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Scientists unveil first human ‘pan-genome’



(AFP) – Scientists on Wednesday unveiled the first human ‘pan-genome’, which lists the most complete range of genes in the human species to date, with the hope that it will help explain a range of diseases.

The announcement was hailed as “heralding in a new era for genetic diagnostics”, by geneticist David Adelson, of Australia’s University of Adelaide.

A first human genome, which brings together all the genetic material unique to a man, was sequenced in 2003. It has served as a reference point for other human genomes published since.

Above all, it has made it possible to identify the genes responsible for specific diseases, to initiate research towards more personalized medicine and to shed light on the mechanism of human evolution.

But 70% of the sequences of this first genome came from a single individual, – who had responded to an ad in a newspaper in the American city of Buffalo, in 1997 -, the rest from twenty other people. This has limited its use for populations of other ethnic origins.

The first pan-genome was presented in a series of scientific papers in the journal Nature by a group of scientists assembled in the Human Pan-Genome Reference Consortium (HPRC).

It is compiling the genomes of 47 individuals of various origins, and should collect those of 350 individuals by mid-2024.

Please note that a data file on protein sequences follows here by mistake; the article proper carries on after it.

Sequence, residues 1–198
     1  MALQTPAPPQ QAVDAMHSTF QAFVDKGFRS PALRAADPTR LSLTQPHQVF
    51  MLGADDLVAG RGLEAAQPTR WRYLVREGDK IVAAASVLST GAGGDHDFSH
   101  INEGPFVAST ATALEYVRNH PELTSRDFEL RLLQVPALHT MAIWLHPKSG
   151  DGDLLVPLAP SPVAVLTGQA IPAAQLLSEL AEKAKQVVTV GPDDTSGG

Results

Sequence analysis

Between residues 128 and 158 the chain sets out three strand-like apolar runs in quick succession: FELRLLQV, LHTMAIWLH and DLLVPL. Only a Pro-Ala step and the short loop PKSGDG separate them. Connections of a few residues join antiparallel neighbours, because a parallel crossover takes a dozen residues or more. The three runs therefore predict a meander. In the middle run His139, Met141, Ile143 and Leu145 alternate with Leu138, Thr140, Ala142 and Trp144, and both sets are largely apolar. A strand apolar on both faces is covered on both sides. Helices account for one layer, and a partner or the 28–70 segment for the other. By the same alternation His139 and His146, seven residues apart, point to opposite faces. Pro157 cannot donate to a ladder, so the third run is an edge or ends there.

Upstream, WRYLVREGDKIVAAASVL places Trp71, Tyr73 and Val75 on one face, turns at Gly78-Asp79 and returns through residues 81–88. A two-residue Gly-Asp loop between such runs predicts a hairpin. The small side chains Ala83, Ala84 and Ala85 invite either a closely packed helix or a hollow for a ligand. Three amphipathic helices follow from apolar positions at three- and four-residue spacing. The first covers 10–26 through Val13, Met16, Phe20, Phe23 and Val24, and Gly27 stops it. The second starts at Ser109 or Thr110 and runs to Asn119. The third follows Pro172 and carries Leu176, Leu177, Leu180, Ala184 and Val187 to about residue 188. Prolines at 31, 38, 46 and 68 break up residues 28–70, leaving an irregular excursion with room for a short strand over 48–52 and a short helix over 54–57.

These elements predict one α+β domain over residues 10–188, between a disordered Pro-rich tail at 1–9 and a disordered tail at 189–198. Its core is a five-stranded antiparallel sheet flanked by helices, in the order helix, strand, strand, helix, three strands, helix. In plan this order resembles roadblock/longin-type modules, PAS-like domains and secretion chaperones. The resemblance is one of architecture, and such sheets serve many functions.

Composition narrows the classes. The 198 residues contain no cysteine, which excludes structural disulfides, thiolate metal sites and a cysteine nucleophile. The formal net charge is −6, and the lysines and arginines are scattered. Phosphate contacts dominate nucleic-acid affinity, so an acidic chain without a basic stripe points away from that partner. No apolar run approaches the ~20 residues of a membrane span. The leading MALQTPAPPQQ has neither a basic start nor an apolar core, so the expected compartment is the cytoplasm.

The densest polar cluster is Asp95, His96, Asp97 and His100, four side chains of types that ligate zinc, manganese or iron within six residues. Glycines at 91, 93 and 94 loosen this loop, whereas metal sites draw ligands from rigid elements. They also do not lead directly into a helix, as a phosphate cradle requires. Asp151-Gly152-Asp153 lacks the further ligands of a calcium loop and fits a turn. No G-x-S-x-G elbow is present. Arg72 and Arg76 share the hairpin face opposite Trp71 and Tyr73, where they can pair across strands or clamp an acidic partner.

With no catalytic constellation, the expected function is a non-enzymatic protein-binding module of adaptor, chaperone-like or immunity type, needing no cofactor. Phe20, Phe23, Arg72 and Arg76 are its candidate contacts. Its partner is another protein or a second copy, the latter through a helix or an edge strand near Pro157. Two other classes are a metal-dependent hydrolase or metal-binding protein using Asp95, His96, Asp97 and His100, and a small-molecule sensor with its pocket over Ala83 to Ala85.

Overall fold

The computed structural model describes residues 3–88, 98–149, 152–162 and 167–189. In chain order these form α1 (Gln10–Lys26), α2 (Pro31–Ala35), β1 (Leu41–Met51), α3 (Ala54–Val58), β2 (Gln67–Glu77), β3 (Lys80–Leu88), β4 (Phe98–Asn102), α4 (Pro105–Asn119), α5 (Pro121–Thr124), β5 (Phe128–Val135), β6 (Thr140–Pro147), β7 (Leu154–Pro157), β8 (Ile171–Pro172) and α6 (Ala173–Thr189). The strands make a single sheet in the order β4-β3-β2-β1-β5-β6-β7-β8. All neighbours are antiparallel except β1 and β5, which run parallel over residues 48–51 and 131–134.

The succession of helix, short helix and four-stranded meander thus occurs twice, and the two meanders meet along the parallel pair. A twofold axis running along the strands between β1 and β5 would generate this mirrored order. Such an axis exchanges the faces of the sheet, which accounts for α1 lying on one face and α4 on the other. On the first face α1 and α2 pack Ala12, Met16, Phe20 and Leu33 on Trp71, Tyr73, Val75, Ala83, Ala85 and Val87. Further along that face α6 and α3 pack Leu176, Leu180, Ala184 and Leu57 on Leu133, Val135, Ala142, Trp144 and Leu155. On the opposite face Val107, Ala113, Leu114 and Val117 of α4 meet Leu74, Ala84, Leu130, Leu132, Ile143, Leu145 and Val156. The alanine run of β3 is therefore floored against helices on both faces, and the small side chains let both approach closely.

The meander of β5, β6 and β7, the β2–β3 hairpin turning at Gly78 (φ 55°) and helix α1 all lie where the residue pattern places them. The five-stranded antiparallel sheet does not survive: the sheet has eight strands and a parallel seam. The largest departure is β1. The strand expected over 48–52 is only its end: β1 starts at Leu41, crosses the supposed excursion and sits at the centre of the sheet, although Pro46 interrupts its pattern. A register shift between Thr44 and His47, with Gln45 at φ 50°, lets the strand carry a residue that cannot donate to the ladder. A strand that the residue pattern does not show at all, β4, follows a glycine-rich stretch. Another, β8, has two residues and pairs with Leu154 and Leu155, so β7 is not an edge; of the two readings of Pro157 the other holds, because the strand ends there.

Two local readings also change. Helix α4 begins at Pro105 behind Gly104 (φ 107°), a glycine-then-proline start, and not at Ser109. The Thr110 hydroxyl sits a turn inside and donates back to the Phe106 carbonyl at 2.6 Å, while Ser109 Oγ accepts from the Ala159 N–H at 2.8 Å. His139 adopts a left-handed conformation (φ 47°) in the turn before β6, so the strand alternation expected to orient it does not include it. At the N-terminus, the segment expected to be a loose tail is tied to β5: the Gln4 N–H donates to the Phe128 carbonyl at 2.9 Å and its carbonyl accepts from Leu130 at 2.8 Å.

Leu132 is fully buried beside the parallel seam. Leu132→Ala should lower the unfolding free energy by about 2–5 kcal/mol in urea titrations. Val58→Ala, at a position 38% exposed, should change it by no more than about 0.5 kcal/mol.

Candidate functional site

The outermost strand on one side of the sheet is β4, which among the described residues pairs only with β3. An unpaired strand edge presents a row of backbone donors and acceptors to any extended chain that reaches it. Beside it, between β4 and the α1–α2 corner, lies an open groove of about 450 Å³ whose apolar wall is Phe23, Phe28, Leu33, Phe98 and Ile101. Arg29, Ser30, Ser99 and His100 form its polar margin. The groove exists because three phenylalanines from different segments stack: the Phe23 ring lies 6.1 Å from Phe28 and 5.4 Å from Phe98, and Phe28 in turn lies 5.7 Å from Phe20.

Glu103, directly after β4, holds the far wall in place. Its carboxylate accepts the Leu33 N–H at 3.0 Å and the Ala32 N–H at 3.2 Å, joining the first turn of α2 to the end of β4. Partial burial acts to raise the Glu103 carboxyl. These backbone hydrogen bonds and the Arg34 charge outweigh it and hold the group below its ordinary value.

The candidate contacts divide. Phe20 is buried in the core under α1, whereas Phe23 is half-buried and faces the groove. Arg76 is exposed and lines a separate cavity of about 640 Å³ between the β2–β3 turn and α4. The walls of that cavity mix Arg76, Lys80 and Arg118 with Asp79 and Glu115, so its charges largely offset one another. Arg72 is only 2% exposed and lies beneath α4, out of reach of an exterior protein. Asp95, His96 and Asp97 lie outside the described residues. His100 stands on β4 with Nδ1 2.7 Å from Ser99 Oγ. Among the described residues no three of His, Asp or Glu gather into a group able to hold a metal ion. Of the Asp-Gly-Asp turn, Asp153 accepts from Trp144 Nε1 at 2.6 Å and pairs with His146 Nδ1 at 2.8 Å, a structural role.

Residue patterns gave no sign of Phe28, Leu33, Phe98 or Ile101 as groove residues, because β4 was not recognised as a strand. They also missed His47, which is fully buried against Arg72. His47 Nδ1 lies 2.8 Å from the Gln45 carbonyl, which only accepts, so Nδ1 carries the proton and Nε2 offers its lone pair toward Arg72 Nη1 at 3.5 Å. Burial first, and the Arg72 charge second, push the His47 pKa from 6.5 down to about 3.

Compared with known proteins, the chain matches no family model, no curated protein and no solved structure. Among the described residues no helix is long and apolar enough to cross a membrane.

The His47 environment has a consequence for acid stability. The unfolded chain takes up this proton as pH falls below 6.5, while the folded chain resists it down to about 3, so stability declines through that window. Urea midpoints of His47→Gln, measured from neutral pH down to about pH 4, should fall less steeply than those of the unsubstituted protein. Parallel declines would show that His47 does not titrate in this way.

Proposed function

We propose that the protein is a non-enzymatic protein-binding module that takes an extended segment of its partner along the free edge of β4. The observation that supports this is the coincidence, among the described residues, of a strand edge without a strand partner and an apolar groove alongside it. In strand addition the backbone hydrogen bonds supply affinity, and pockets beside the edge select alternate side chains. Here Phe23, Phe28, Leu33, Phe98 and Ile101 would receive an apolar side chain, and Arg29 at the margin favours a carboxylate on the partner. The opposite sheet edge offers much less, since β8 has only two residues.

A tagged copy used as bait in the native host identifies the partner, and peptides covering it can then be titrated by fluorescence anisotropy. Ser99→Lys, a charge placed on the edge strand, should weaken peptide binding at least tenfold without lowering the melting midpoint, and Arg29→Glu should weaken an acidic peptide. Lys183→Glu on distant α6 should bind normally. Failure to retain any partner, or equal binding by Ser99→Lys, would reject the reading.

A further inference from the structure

Of these 47 people, who are anonymous, more than half are from Africa, a third from the Americas, Asia with six individuals and Europe with only one, an Ashkenazi Jew. Oceania is not represented.

The genome is the genetic blueprint of any organism. It contains all the DNA elements incorporating the instructions for it to live and develop.

– 99% identical –

The genome of two individuals is more than 99% identical, but the remaining differences may facilitate the occurrence of certain diseases in one individual rather than another.

The reference pan-genome could thus help shed light on these differences in genetic samples, explained Benedict Paten, a researcher at the University of California and co-author of the study.

“This will improve genetic testing and at the same time provide a better understanding of the contribution of all kinds of genetic variations to health and disease,” he told a news conference.

Another co-author of the study, Erich Jarvis of Rockefeller University in the United States, provided an example of groups of genes, known as major histocompatibility complex (MHC), which are involved in the functioning of the immune system.

“It was until now impossible to study the diversity of MHCs”, as it is great between individuals, indicated the researcher.

Progress in this area would have beneficial consequences for organ transplantation, in order to avoid rejection.

For David Adelson, the Australian geneticist, this first edition of the pan-genome has already increased the accuracy of detecting genetic changes by around 34%.

The project “will benefit people of all origins, unlike the current reference genome which does not reflect the diversity of humanity”, he explained to AFP.

The pan-genome represents a “milestone in human genetics”, but also a challenge, recalled two American experts quoted in Nature, Arya Massarat and Melissa Gymrek.

Beyond the inclusion of sequences from people belonging to under-represented groups, the adoption of this new repository will require training from scientists.

Either way, “it will facilitate the discovery of genetic variants that influence physical and physiological traits and – hopefully – then lead to health advances for many people,” they said. estimated.

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